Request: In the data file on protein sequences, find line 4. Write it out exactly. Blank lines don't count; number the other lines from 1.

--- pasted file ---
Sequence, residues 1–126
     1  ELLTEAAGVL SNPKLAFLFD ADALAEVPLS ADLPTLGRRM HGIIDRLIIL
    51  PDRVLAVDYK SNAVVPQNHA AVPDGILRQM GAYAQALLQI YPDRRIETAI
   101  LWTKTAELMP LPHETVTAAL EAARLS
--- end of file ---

   101  LWTKTAELMP LPHETVTAAL EAARLS